Daily report for 9 November 2017
ILO at COP 23
How to Build Green and Inclusive Economies to Implement the Paris Agreement
This event convened on 9 November 2017, in Bonn, Germany, on the sidelines of the 23rd session of the Conference of the Parties (COP 23) to the UN Framework Convention on Climate Change (UNFCCC). It was organized by the Partnership for Action on Green Economy (PAGE) in collaboration with the World Trade Organization (WTO) and the UN Conference on Trade and Development (UNCTAD). The event aimed to: explore policy innovations developed by countries to advance implementation of the Paris Agreement and the 2030 Agenda for Sustainable Development; and consider perspectives from international organizations.
Stephan Contius, Federal Ministry for the Environment, Nature Conservation, Building and Nuclear Safety (BMUB), Germany, opened the session. He noted that the Paris Agreement and the 2030 Agenda are historic agreements that could operationalize the concept of sustainability. He pointed to the emergence of sustainable and inclusive growth models following on from the Paris Agreement, which he said demonstrated that the global values of inclusivity are within reach. Contius acknowledged that, nevertheless, the structural transformation towards more sustainability might also cause social and economic disruptions in the short term, for example with jobs moving from one sector to another. He said that in this regard, it will be the task of governments to integrate those social and economic implications more effectively into policies and to make sure that the needed transformation will be in line with the guiding principle of the 2030 Agenda to “leave no one behind.”
Following opening remarks, participants watched a video depicting the implementation of a PAGE project in Mongolia.
Moustapha Kamal Gueye, International Labour Organization, moderated the discussion. Zamba Batjargal, Mongolia, informed participants that his country was the first in the world to join PAGE, because of a desire to promote green development. He emphasized that his country had not only mobilized modern technology but also incorporated traditional cultural practices into green development.
Rhoda Boateng, International Trade Union Confederation (ITUC), stressed that structural changes from the transition to a low-carbon, resilient economy “hold the promise of jobs creation,” but also pose significant challenges, including job losses in carbon-intensive industries. She emphasized the importance of bringing trade unions to the table to ensure that the transition takes the concerns and rights of workers on board, and achieves the just transition they are advocating for.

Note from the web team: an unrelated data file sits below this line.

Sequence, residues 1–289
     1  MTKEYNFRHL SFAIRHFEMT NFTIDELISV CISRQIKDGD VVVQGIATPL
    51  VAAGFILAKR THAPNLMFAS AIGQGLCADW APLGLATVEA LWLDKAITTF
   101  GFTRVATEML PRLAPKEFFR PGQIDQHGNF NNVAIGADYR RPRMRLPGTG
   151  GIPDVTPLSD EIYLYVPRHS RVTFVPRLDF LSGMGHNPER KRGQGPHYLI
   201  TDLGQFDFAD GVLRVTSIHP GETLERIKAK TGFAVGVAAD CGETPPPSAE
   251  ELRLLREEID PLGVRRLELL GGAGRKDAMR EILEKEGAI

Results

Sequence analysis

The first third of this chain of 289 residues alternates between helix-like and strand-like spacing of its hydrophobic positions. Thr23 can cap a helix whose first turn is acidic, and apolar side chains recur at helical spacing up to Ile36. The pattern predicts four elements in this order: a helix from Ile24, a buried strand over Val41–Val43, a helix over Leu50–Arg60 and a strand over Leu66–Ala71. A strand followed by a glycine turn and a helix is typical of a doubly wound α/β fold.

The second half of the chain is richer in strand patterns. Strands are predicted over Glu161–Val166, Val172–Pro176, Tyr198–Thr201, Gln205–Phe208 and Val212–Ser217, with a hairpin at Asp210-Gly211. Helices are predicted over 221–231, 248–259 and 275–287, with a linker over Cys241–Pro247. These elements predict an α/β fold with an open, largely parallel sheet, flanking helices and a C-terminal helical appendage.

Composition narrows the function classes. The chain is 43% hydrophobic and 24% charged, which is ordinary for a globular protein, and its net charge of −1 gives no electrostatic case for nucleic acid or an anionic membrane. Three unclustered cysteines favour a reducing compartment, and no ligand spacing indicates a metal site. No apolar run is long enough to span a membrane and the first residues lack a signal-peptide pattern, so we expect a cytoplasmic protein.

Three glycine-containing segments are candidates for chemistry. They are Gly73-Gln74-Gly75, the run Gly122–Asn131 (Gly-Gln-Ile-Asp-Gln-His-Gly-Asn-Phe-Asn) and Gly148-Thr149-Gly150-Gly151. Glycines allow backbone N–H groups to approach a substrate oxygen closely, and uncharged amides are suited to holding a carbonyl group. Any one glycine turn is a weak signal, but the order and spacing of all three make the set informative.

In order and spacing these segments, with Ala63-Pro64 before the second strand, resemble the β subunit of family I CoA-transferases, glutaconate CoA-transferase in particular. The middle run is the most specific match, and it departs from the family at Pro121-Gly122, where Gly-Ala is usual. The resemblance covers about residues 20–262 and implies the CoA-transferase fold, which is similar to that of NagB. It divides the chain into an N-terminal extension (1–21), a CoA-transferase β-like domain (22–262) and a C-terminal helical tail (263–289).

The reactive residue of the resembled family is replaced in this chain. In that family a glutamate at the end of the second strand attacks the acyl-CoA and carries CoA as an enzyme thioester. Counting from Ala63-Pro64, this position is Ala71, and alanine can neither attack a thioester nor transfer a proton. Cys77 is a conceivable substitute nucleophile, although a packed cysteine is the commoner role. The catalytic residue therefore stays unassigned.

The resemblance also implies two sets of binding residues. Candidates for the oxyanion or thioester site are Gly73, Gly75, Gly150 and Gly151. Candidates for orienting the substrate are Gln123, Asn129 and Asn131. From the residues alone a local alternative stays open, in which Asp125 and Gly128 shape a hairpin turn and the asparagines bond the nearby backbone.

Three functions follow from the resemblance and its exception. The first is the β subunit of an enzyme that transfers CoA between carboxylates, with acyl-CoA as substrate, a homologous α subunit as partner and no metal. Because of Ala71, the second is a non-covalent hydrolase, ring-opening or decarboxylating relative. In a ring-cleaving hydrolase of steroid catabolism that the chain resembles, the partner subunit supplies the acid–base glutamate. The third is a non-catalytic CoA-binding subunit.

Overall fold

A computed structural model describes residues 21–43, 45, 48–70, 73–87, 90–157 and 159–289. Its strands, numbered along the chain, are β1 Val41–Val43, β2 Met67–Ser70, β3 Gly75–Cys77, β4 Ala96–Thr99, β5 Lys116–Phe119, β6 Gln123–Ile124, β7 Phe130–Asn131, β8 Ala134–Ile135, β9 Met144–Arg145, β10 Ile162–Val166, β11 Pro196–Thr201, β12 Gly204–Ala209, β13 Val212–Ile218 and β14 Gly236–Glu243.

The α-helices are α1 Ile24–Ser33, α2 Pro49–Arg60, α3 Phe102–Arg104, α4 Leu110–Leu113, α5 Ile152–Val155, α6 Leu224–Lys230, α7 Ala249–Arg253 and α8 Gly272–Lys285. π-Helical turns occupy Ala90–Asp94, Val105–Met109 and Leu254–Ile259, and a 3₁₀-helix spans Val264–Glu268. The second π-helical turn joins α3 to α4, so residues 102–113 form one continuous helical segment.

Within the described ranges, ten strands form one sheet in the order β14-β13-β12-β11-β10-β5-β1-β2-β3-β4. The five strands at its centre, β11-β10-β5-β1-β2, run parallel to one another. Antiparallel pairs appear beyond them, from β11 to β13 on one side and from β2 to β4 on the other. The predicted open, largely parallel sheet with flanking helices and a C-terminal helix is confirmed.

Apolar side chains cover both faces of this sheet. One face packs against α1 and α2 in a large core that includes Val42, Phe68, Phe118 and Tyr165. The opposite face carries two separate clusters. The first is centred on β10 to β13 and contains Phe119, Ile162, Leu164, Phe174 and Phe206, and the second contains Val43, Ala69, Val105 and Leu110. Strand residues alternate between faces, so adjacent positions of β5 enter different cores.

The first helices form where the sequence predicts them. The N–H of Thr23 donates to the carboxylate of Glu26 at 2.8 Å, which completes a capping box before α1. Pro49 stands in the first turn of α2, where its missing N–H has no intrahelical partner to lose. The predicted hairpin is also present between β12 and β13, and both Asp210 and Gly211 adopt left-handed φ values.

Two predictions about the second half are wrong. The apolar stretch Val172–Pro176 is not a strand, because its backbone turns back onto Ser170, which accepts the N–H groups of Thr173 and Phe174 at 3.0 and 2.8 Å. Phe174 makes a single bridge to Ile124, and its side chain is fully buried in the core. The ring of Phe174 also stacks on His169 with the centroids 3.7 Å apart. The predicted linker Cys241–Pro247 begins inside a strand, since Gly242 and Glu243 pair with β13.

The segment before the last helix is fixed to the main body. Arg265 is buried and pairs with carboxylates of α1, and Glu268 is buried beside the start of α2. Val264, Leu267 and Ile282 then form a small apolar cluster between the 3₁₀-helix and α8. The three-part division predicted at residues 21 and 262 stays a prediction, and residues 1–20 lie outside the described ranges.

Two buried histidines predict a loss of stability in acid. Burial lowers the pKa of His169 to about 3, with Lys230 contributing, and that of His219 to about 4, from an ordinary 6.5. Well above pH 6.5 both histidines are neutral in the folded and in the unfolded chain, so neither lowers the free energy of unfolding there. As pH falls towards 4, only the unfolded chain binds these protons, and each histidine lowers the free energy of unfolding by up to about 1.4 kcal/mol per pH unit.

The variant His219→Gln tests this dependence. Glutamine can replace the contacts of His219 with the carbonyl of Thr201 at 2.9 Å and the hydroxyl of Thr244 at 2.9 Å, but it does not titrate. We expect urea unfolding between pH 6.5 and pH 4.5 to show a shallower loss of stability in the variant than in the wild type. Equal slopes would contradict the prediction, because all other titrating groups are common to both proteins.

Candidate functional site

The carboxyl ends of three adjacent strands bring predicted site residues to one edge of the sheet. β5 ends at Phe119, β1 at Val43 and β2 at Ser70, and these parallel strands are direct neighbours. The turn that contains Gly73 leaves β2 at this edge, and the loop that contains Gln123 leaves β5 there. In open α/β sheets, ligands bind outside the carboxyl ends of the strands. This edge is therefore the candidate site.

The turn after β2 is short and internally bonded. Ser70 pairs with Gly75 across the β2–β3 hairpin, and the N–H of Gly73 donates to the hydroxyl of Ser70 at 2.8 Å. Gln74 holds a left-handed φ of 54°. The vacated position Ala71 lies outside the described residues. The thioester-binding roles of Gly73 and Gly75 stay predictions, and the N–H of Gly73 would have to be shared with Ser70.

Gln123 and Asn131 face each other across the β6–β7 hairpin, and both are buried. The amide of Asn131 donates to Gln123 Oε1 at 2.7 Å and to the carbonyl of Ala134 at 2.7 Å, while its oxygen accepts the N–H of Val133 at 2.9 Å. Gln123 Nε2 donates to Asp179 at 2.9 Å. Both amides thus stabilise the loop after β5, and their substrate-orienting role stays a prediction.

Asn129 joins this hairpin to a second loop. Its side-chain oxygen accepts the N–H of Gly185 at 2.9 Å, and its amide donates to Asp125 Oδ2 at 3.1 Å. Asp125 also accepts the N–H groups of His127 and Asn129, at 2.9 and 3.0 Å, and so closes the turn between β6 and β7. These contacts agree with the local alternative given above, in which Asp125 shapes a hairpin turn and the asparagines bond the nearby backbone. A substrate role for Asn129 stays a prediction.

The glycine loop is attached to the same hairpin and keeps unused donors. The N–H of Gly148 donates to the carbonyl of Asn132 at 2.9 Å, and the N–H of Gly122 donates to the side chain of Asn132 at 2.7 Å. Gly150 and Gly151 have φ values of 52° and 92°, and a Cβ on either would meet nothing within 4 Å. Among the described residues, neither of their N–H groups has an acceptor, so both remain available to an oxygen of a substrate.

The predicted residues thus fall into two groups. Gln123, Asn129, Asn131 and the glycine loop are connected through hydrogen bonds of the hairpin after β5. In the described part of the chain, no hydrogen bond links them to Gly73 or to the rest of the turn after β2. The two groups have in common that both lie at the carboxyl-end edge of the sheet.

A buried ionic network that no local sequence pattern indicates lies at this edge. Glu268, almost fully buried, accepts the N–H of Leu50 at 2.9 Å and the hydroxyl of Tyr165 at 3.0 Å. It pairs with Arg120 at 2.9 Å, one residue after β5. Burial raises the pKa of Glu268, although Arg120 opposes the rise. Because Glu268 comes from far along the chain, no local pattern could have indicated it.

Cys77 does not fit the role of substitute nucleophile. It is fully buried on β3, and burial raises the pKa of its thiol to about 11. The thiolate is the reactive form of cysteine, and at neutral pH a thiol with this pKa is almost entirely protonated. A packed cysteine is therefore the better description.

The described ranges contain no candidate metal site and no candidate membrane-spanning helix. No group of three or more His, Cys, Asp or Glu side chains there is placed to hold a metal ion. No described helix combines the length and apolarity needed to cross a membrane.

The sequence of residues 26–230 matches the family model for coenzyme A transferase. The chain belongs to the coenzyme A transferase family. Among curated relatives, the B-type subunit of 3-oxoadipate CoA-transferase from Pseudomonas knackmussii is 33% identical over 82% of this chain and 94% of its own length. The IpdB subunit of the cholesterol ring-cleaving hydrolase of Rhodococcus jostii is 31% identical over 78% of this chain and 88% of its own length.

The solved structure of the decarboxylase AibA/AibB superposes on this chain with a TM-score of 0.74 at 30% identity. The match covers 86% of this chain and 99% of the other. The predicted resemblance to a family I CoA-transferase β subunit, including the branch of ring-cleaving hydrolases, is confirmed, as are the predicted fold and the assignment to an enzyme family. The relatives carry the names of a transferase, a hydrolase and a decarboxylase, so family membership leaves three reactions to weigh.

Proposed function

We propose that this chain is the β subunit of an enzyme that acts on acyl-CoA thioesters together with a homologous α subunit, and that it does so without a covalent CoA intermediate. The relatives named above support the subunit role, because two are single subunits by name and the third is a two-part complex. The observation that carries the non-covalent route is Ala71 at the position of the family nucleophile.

Philipp Ischer, Switzerland, emphasized that the green economy is at the heart of the mission of the Swiss State Secretariat for Economic Affairs. He outlined his organization’s Green Economy Roadmap that envisages international cooperation, adding that his country’s engagement with PAGE supports developing countries in transitioning to a green economy.
Aik Hoe Lim, WTO, pointed out that in an increasingly interconnected world, trade plays a significant role in greening economies. He acknowledged concerns about barriers to participation in a green transition, and highlighted the WTO framework designed to address protectionism as a measure aimed at reducing these barriers.
Regina Asariotis, UNCTAD, discussed her organization’s focus on transport, noting that 60% of goods globally are loaded and unloaded in developing countries and 80% of goods traded are carried by sea. She said that this has both mitigation and adaptation implications, highlighting the importance of developing climate-resilient supply chains and promoting interdisciplinary research to identify adaptation pathways.
During the ensuing discussion, Asariotis responded to a question on how to leverage the fourth industrial revolution for a greener economy, noting that in relation to transportation, increased digitalization could provide greening opportunities, for example by reducing transport needs. On the role and opportunities for small and medium enterprises (SMEs) in the green economy, Lim explained that trade and technology could stimulate investment in new “climate economy” areas, promoting the growth of new SMEs; however, she cautioned against establishing “a green divide” where some countries are more able to meet higher sustainability requirements while others area left behind. Additional questions centered on: the drivers of future growth; recycling for green jobs; the differences between green development and the green economy; and how regulatory frameworks could help to avoid a green divide.